Welcome to the final lesson of our Crash Course on understanding and strengthening company culture. We’ll wrap up your Culture Crash Course with the logical last step: Deciding on your company’s culture and employee engagement metrics.
As we covered in Lesson 1 and Lesson 2, company culture impacts every corner of your business and is, therefore, a highly important business issue. Eighty-two percent of business leaders believe that culture is a potential competitive advantage, in fact.
As we covered in Lesson 3, it’s common best practice for businesses to measure what’s important — company culture included. As we covered in Lesson 4 and Lesson 5, measuring culture via surveys is often the best way to collect feedback.
Ready to wrap up your Culture Crash Course? Read on for metrics recommendations.
Recommended Culture and Employee Engagement Metrics
You’ll notice that a lot of these metrics depend on employee feedback. In these cases, we recommend sending out a quick survey that asks employees to rate the element/program along a Likert scale. For all these metrics, make sure to track progress over time.
Company Culture Metrics
Results from your culture surveys. What do employees say are your culture’s strengths and opportunities?
Results from your engagement surveys. How do employees say they feel about how things get done at your company?
Results from short-form or additional surveys. What do employees say on single topics, follow ups on company initiatives, or re-measurements of certain cultural qualities?
Manager feedback. How do employees rate their experience with managers? How do managers feel about their roles, goals, and support systems?
Participation and Engagement Metrics
Discretionary effort. How much work occurs outside of normal working hours?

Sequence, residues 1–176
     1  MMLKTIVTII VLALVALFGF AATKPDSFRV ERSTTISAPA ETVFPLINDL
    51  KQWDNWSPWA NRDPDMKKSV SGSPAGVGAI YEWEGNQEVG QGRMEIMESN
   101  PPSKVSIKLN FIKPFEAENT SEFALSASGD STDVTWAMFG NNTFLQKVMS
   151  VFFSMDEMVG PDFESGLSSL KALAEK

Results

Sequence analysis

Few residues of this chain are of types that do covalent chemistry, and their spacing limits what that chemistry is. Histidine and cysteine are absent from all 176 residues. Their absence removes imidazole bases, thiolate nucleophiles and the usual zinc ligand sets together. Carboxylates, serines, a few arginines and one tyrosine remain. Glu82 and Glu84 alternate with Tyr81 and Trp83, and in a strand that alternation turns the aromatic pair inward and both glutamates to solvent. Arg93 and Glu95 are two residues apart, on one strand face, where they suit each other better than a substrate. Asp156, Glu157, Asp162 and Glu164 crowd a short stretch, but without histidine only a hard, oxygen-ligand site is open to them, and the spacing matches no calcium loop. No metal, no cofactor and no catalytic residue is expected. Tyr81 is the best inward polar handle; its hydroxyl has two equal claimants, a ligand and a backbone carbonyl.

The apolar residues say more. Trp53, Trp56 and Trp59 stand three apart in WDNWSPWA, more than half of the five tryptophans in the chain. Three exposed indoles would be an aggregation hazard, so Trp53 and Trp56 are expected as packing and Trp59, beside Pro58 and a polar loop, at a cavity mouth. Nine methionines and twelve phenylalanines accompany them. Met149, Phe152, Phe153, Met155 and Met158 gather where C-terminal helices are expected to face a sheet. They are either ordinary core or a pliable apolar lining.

Attendance. Are there increasing or decreasing patterns in PTO use or time off?
Participation. How are employees participating in events, employee resource groups, and other optional company activities? How are employees participating in recommended or mandatory trainings and professional development programs?
Communication. How often do employees meet with peers and managers? Are meetings considered effective or redundant? Are emails read and responded to?
Productivity. Are employees performing to their potential? How often do employees reach or surpass their goals?
Departures. Which employees have left the company within the past 30 days? List by department and tenure.
Departure reasons. Why did exiting employees choose to leave the company?
HR incident reports. Are reports increasing or decreasing? Does the data indicate a pattern of discrimination or harassment? Where within the company?
Employer Branding Metrics
Prospective candidate feedback. Why do candidates decide to join (or not join) your company?
Leadership evaluations. How do employees feel about company leadership? How do company leaders feel about their roles, goals, and support systems?
Employee Net Promoter Score (eNPS). How likely are employees to recommend your company to others?
You can’t expect to improve any trait that you won’t measure, and the same goes for company culture and employee engagement. Bring a renewed focus to your culture by tracking these metrics and analyzing the results on a company culture and employee engagement dashboard. You’ll quickly have enough data to begin making informed observations and decisions.
Congrats! You’ve completed the Culture Crash Course!